Three Hardcovers Three Dollars

These books are hard covers and I found them on the cheap. I couldn’t believe it and couldn’t resist them. The only thing that disappoints me is The Hunt is a series I’ve not read. I’ve been in a mood lately and reading a lot of stuff similar to 1984. These are going to do just fine. The first two, J and The Hunt are going to be twisted dark dystopia fantasy types. Eleanor sounds really interesting and has been compared to A Wrinkle in Time. We will see.

J: A Novel
by Howard Jacobson

Man Booker Prize–winner Howard Jacobson’s brilliant and profound new novel, J, “invites comparison with George Orwell’s 1984 and Aldous Huxley’s Brave New World” (Sunday Times, London). Set in a world where collective memory has vanished and the past is a dangerous country, not to be talked about or visited, J is a boldly inventive love story, both tender and terrifying.

Kevern Cohen doesn’t know why his father always drew two fingers across his lips when he said a word starting with a J. It wasn’t then, and isn’t now, the time or place to be asking questions. When the extravagantly beautiful Ailinn Solomons arrives in his village by a sea that laps no other shore, Kevern is instantly drawn to her. Although mistrustful by nature, the two become linked as if they were meant for each other. Together, they form a refuge from the commonplace brutality that is the legacy of a historic catastrophe shrouded in suspicion, denial, and apology, simply referred to as WHAT HAPPENED, IF IT HAPPENED. To Ailinn’s guardian, Esme Nussbaum, Ailinn and Kevern are fragile shoots of hopefulness. As this unusual pair’s actions draw them into ever-increasing danger, Esme is determined to keep them together—whatever the cost.

In this stunning, evocative, and terribly heartbreaking work, where one couple’s love affair could have shattering consequences for the human race, Howard Jacobson gathers his prodigious gifts for the crowning achievement of a remarkable career.

The Hunted (The Enemy book 6)
by Charlie Higson

The sickness struck everyone sixteen and older. First it twisted their minds; next it ravaged their bodies. Now the sickos roam the streets, crazed and hungry for young flesh.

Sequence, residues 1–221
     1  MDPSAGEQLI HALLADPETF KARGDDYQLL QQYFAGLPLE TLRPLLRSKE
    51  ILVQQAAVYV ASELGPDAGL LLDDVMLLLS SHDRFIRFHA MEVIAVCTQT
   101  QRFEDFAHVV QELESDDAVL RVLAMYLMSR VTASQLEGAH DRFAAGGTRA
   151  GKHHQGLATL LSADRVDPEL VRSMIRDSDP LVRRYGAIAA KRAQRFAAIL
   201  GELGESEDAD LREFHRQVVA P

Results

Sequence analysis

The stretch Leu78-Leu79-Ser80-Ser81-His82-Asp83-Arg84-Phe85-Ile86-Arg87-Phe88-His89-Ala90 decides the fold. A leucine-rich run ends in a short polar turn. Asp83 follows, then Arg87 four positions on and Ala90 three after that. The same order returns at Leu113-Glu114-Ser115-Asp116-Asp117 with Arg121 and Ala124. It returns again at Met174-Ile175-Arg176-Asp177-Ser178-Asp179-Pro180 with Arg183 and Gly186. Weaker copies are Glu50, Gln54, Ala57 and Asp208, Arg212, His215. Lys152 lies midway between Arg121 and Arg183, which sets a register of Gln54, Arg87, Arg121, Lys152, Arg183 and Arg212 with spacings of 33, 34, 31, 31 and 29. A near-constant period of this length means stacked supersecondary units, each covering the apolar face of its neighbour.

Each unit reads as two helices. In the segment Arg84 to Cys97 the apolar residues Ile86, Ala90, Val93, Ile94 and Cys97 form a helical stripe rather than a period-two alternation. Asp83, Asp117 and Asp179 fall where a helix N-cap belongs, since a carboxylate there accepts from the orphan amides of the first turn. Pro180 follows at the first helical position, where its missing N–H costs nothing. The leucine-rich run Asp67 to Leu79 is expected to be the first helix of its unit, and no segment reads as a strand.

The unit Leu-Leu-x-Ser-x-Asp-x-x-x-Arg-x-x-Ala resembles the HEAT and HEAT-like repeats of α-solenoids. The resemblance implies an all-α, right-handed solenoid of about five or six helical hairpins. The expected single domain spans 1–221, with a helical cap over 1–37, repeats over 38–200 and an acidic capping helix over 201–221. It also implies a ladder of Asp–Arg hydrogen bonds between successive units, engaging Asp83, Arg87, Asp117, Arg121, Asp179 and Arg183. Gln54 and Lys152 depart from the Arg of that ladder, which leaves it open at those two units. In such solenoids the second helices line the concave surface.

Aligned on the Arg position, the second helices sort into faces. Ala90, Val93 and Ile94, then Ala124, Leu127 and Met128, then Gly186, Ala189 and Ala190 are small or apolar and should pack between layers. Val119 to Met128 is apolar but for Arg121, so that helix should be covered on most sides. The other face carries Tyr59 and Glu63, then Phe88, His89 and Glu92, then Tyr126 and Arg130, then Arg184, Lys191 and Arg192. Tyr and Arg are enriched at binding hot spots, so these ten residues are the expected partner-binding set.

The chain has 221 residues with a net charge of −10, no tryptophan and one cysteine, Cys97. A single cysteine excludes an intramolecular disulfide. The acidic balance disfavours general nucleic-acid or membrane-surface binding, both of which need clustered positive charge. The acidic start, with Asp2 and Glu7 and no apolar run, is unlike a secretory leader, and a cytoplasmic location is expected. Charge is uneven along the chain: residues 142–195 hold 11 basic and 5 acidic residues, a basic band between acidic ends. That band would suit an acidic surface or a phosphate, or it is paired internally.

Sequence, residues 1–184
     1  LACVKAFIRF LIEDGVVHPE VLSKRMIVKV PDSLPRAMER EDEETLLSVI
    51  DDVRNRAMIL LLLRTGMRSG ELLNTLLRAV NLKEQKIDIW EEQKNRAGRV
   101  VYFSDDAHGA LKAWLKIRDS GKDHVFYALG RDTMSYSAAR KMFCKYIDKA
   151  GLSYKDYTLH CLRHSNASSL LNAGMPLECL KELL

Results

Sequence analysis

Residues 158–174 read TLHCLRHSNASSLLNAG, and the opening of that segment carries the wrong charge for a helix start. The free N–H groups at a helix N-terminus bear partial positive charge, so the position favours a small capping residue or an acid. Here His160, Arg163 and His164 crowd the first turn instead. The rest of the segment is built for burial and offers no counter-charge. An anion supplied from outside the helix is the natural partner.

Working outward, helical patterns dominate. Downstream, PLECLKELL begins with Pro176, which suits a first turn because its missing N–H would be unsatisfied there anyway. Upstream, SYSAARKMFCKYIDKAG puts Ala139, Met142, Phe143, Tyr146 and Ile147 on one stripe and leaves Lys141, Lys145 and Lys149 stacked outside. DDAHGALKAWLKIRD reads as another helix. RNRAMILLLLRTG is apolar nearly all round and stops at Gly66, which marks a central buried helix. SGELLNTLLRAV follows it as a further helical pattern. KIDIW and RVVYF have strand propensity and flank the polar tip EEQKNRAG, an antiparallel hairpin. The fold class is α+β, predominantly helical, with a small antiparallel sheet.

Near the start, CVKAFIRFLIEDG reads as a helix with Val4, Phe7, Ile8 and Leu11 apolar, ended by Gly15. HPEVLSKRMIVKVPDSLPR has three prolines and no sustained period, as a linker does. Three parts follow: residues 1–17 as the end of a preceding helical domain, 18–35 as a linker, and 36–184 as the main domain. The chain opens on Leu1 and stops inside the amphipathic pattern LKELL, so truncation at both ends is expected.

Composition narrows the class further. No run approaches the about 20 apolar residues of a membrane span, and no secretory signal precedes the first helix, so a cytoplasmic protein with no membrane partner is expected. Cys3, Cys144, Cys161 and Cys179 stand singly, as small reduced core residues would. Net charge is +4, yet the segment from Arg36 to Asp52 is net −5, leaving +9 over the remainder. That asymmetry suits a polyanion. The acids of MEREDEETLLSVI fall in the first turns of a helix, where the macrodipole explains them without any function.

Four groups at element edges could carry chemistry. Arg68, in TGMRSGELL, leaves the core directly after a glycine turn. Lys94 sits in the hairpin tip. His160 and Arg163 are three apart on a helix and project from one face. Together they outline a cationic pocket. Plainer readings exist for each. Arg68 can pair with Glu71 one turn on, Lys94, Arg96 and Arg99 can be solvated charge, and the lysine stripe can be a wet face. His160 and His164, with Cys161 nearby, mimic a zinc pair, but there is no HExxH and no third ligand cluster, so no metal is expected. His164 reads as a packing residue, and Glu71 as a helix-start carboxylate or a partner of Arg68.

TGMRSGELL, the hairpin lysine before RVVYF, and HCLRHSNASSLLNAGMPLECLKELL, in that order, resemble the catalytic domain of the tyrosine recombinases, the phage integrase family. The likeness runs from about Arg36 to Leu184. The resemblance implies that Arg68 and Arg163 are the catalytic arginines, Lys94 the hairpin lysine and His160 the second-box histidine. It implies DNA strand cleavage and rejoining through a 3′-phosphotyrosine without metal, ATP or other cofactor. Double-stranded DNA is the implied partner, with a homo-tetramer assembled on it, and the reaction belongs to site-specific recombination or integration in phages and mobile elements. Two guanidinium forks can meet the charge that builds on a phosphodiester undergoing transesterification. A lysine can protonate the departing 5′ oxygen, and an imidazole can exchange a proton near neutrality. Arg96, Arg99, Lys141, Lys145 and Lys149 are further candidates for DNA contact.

Ella’s friends had told her that the country would be safer than the city. They were wrong. Now they’re dead and Ella’s all alone–alone, that is, except for her silent rescuer, Scarface. But she doesn’t even know if he’s a kid or a grown-up.

Back in London, Ed is determined to find Ella and keep his promise to Small Sam that he will reunite sister and brother. But getting out of town has never been more dangerous. It seems that every sicko in the country is coming from all directions, almost as if they’re being summoned to the capital. Will anything be able to stop the invading horde?

Eleanor
by Jason Gurley

When a terrible accident claims the life of Eleanor’s twin, her family is left in tatters, and her reality begins to unravel, dropping her in and out of unfamiliar worlds. When she returns to her own time and place, hours and days have flown by without her. One fateful day, Eleanor leaps from a cliff…and vanishes. In a strange in-between place, she meets a mysterious stranger who understands the weight of her family history: Eleanor’s twin wasn’t the only tragic loss. And unless Eleanor can master her strange new abilities, she may not be the last.

Sorrowed Souls

Sorrowed Souls
by
Brenda Youngerman

The threads of fate beautifully weave; The beholder often times refuses to see.

Sorrowed Souls is filled with a multitude of different types of characters. I guess that is the case for most books already. What stands out and what gave the story its depth, I could not see the connection or relationship of those characters right away. Each character had a stand alone story of their own. And, their troubles.

It is a tapestry of lives, and each of them hold key factors that answered the “why?” for me as I was reading. Looking in from my point of view, piece by piece, the puzzle was put together, connecting the characters and their issues. It was a slow but rich process.

“Gus, ever since I’ve known you, the world has been at your beck and call, and you have felt like you were alone. You put yourself on a fringe when you could’ve stepped right into the middle at any point. When the day comes that you are finally ready to jump in, then you’ll be able to move forward and get out of the rut and the ‘curse’ you feel that you’re under. It’s time to stop blaming everyone around you and start taking a personal inventory to determine what it is you need to be a better Augustus Winston Hill.”